Estonia looks at the art of cooperation between the public and private sectors in Eindhoven

Estonia is one of the frontrunners in digitalisation and e-government. But in the Baltic country, there is a lack of coordination between the various public and private sectors. A delegation of thirty Estonian officials wants to learn more about digital transformation models in Eindhoven. Particular emphasis is placed on collaboration to promote innovation.

During their 3-day stay in the city, they get a lot of information about the Brainport Region and they study examples of successful private-public collaboration. Two more delegations will visit the region in the coming months.

“The overall goal of our training program is to train all top Estonian officials – around one hundred people – to become experts in digital strategy and digital transformation. Each of these officials goes through four sessions in Estonia and one abroad,” explains Linnar Viik, Head of Delegation and President of the European Institute of Innovation and Technology – EIT.

“One aspect where we are not very strong is something that the Netherlands is good at: establishing partnerships between different authorities and defining problems jointly,” Viik added.

The triple helix model for innovation was originally invented in the early 1990s by Loet Leydesdorff and Henry Etzkowitz. The model is based on the interaction between three different actors: academia, business and the public sector. Such a model is also used in Eindhoven, where various local parties interact to promote innovation and the region’s well-being.

“Estonia is really good at software development, while social development is not that far ahead. What they can learn from the city is the role it plays in bringing everyone straight to the table, ”emphasizes Peter Kentie. He was recently appointed Estonian Honorary Consul for Eindhoven.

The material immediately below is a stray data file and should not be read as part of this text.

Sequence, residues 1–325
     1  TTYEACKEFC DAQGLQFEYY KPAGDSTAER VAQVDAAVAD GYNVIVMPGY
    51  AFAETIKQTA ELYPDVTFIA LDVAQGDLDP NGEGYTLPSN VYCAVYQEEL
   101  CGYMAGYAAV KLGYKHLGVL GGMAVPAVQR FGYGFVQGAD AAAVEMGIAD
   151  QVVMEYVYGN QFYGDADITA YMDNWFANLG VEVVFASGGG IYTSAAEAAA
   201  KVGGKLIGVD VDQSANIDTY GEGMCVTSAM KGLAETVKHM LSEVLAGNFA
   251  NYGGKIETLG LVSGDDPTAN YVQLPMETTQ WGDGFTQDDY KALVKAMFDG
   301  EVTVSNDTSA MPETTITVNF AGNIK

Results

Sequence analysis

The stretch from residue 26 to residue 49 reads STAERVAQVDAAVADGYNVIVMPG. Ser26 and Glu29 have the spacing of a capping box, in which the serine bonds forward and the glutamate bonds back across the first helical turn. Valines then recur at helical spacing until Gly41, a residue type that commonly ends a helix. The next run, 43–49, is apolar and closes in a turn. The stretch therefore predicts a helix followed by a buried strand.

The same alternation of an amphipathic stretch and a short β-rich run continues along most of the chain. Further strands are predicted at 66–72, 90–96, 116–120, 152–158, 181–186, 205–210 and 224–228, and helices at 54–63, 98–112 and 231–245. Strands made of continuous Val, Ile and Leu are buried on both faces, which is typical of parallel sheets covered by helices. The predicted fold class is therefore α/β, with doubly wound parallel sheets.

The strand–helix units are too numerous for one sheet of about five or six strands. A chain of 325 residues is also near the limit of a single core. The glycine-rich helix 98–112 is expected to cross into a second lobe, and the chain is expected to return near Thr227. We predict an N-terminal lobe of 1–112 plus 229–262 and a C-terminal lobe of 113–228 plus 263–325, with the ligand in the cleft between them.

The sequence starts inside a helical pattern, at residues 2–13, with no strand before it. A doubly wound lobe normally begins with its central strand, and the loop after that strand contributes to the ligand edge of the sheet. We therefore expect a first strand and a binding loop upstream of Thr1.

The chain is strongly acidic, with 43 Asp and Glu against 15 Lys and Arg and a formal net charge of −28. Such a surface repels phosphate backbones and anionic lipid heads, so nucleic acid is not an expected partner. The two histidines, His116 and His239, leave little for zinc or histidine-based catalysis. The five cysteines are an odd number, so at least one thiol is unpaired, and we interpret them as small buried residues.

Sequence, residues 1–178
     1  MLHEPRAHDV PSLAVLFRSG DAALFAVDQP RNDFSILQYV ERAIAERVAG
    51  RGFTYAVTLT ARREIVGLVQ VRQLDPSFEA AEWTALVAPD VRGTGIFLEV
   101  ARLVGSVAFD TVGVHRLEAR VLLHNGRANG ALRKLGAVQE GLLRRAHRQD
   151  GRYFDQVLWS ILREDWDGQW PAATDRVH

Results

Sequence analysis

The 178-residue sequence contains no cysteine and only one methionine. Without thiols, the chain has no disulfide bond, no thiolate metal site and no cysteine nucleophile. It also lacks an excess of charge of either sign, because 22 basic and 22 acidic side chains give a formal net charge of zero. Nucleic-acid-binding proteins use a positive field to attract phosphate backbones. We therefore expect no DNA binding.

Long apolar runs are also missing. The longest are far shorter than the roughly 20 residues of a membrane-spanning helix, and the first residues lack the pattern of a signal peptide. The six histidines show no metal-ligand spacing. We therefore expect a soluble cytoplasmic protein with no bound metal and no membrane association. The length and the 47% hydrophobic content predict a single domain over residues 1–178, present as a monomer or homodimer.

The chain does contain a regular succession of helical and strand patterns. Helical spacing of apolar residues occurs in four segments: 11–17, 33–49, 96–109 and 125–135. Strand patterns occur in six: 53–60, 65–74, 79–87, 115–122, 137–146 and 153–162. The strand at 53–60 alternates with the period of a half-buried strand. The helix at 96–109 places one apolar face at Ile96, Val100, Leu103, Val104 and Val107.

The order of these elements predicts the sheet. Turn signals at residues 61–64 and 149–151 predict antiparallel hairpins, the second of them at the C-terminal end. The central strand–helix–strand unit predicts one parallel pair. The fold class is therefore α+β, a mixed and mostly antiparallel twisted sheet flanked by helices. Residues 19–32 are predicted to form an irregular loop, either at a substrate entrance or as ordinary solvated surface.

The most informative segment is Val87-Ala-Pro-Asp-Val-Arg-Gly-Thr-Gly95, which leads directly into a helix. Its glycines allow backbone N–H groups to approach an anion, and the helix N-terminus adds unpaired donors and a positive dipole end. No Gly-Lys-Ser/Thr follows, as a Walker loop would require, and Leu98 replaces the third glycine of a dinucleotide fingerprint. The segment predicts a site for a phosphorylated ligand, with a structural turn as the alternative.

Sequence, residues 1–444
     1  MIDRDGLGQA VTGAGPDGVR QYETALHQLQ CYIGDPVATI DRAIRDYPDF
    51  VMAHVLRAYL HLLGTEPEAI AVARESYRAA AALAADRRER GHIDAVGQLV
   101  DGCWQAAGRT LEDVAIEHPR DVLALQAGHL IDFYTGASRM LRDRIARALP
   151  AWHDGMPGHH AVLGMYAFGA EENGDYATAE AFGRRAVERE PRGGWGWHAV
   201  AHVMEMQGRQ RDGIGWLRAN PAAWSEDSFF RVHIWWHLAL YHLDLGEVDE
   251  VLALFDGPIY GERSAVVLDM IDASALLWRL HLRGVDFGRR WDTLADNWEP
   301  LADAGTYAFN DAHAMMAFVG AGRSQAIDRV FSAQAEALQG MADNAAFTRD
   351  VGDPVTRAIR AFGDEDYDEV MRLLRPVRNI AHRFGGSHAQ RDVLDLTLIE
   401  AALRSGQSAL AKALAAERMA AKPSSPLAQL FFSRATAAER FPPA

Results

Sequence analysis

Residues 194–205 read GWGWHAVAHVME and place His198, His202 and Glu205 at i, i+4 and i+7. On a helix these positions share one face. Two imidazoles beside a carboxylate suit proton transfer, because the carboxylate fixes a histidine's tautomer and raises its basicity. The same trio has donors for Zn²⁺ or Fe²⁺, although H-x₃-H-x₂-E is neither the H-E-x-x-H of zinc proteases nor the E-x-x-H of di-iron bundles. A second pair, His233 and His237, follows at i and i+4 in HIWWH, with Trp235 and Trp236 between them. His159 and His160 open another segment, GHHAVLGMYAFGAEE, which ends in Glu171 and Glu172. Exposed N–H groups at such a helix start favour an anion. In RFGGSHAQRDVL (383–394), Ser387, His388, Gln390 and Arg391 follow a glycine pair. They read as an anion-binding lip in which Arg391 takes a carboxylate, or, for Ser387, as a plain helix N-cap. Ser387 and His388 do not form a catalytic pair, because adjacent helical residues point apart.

“What’s really interesting about Estonia is that everyone is connected in one way or another. Yet people do not work together too much. They can benefit from the openness of the Eindhoven region,” says Kentie.


Kaupo Heinma is the Deputy Secretary-General of the Estonian Ministry of the Environment. “Despite the high level of e-government services, we lack cooperation between different parties. We need innovation. If the parties do not work together, the results are much less than if they work together. ”


To pave the way for innovation – and make life easier for start-ups and innovators – the role of the patent office is crucial. In this context, the Estonian Patent Office tries to be as open as possible.

“It was quite complicated for companies in Estonia to file a patent. Thanks to e-government services, it is now possible to perform all the necessary steps online. In addition, we have published several guides to explain all the procedures, ”explains Margus Viher, Director General of the Estonian Patent Office. Viher points out that local political issues sometimes hamper cooperation. “These days we are inspired by the practices here. And hopefully we will succeed in stimulating innovation in Estonia as well, ”says Viher.

Innovation does not just happen

Estonia was the first country to completely transition to a fully digital government. All public services are available digitally. Linnart Viik worked to make this possible. It was one of the most important innovation processes the country has been through.

Viik: “When you do something that no one has done before, it is very difficult to imagine what will happen next. There are many expectations. Many people think that innovation happens from one day to the next. But it is not so. You need to be prepared. Innovation has to happen every day, you have to build things step by step. It’s like running a marathon: you have to train for it. ”

The Estonian expertise in e-government is something that the Netherlands can also benefit from. ” In Estonia, people spend as much on the costs charged for their e-government as on a Spotify account. In most countries it is ten times more per. inhabitant. We found out how to make public services twice as fast and ten times cheaper, ”concludes Viik.

Photo: One of the sessions in Eindhoven

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